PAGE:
The Arctic National Wildlife Refuge (ANWR) has long been of great interest to oil executives, state and federal politicians, and those concerned with the United States’ energy security. Until fracking came on the scene, many considered ANWR to be the “last frontier” in terms of exploration for incremental oil and gas supplies. The battle to open ANWR or keep it closed has swung back and forth for decades. Today, though, Donald Trump’s Department of the Interior is moving to make it available it for drilling via lease auctions if and when the unavoidable litigation hurdle is overcome.
If the ANWR lease auctions do occur, the “Trumpies” at Interior are in for a disappointment. Few if any publicly held oil firms will submit bids. While the oil may be there, the funds to find and extract it are not. Even those firms still capable of conducting massive exploration and production programs will bend to investor pressure and shun such vast outlays.
The signs of oil’s retreat from expansion are already present. BP, for example, recently sold all its Alaskan properties to the privately held Hilcorp. It, like all publicly held companies, must keep investors happy and thus safeguard the cash influx that helps keep them in business.
Indeed, all large publicly held firms capable of mounting E&P efforts in Alaska need to stay on the right side of their investors, especially the large ones. They are well aware of the hurt these groups can inflict on them. For example, Norway’s sovereign wealth fund and a group organized by the Interfaith Center on Corporate Responsibility, which combined manage more than $6 trillion in investments and own a significant percentage of shares in companies that might drill, have warned they may decide to sell shares in companies that express their intention to explore and develop large areas such as ANWR. Indeed, the Norwegian fund, which owns more than two percent of BP and Shell, has already sold off shares in Occidental and other American independents.
These threats to their bottom lines come at the wrong time for publicly held energy companies. Such firms have almost vanished from the S&P 500 index. While in 1979 they accounted for nearly thirty percent of the index, by the end of 2017 they were down to six percent and then 5.3 percent at the end of 2018 and 4.4 percent at the end of August.
Even with the oil companies’ efforts to appease shareholders, the investors’ disdain for the industry continues to increase. At the end of August, ExxonMobil, which EIG ranks as the largest publicly held oil company, fell out of the S&P 500’s top ten for the first time in the index’s ninety years history, bumped out by the likes of Procter & Gamble and Johnson & Johnson.
Under these circumstances, senior oil executives are scrambling to satisfy their remaining investors by buying back shares, paying larger dividends, and avoiding any actions that might spook or anger them. Drilling in ANWR would be one of those actions. Besides ticking off smaller shareholders, greenlighting such a project could bring the ire of heavyweights like the Norwegian sovereign wealth fund that seek to curtail such activities.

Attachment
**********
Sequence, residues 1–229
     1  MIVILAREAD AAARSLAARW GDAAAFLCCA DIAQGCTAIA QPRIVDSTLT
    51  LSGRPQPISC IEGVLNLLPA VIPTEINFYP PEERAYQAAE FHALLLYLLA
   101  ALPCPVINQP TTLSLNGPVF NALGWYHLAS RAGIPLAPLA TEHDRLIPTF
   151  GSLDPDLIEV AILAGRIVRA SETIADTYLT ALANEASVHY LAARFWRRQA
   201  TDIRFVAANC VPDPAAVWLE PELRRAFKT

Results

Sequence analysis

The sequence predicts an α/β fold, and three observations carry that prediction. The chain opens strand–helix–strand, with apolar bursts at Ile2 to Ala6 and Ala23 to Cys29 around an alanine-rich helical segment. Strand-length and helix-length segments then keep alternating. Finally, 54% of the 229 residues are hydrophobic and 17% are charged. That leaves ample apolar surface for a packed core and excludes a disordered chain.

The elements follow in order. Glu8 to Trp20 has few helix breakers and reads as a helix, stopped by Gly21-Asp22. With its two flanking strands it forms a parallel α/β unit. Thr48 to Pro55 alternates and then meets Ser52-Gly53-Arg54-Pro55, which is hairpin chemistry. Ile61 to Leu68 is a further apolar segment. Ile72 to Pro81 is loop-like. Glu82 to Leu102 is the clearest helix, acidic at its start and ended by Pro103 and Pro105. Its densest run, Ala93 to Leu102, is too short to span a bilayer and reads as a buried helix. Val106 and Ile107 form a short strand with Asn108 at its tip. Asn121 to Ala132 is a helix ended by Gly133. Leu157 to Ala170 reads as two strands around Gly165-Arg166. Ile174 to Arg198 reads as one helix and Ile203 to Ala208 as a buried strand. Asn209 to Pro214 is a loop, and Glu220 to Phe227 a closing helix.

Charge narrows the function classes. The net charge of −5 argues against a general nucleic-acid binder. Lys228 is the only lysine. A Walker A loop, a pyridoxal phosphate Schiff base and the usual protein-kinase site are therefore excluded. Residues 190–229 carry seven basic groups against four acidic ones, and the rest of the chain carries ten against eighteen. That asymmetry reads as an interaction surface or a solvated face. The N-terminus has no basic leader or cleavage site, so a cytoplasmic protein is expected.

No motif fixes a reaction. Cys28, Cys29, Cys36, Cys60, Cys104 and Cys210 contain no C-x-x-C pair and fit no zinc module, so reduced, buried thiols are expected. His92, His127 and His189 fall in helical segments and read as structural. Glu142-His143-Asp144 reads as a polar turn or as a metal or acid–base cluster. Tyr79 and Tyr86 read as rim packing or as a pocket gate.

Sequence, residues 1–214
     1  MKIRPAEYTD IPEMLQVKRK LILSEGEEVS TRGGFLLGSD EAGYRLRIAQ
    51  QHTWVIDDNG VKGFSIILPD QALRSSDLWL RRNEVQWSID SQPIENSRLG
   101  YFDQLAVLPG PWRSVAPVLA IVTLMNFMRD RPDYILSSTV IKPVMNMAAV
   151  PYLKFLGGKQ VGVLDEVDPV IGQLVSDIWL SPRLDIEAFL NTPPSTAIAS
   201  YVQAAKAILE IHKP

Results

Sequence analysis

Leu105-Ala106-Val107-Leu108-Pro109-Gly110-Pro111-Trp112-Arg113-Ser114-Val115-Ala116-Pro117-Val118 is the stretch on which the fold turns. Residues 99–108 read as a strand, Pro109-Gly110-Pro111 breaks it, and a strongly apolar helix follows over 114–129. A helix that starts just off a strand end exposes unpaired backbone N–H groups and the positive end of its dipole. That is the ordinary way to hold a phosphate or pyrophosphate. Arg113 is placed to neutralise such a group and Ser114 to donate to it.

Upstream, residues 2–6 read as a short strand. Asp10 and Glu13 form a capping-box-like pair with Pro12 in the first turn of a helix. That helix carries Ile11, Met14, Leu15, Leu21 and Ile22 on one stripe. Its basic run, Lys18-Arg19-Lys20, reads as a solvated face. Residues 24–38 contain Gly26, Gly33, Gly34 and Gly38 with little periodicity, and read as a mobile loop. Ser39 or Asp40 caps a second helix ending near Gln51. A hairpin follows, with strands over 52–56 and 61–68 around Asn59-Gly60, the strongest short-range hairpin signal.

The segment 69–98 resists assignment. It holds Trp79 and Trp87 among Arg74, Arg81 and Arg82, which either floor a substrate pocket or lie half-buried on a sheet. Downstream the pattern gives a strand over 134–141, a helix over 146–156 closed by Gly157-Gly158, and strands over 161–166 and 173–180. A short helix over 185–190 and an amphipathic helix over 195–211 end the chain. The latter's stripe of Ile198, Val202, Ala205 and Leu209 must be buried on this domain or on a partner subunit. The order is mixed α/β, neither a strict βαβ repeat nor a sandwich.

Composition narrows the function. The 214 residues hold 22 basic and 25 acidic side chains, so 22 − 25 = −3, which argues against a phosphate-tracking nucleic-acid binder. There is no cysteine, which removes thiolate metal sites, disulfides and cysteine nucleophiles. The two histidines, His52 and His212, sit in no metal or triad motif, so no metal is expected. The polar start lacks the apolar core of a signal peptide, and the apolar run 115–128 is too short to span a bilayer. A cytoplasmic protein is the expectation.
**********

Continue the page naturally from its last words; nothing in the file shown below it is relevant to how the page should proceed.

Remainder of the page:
Another reason to stay away from ANWR is that its oil may not be needed. Global fuel use could be much lower in twenty years as auto manufacturers move toward producing and selling large numbers of electric vehicles (EVs). California and several countries have sparked this trend by favoring EV owners with tax breaks and other perks such as fast commuter lane privileges denied to petroleum-powered vehicles. Consumers like where this is going. In 2019 to date, more than fifty percent of the new cars sold in Norway were EVs. EVs also now make up three percent of California’s vehicles, and gasoline use there fallen.
The potential future onslaught of EVs must be terrifying for oil executives. In one scenario in its forthcoming World Energy Outlook, for instance, the International Energy Agency envisions EVs comprising half of the global vehicle fleet in 2040. Such a development could reduce fossil fuel use in transportation by eighteen million barrels per day from today’s level. While this future seems unlikely, aggressive regulation combined with the auto industry’s cooperation could make it happen.
In such a world, what firm would want to take on the risk and expense of and political/social fallout from drilling in ANWR? Also, any production from ANWR would come onstream when consumption was on the decline, which means the oil would have to be sold into a depressed market. Given these uncertainties, oil firms will shun ANWR and bets their limited investment dollars on short-cycle projects in areas such as the Permian, the Bakken, or other shale oil provinces.
In sum, ANWR’s time as the holy grail of the oil industry has passed. While the fact that such projects would have the current government’s support and that ANWR is conveniently near other producing areas and might yield significant oil and income for years, it is no longer a perfect fit for the industry. Its traditional E&P model no longer applies. Given the oil firms’ financial constrictions and the ambiguity of future oil demand, ANWR will remain, as one National Park Service biologist put it, “one of Planet Earth’s own works of art.”
By Philip Verleger for Oilprice.com
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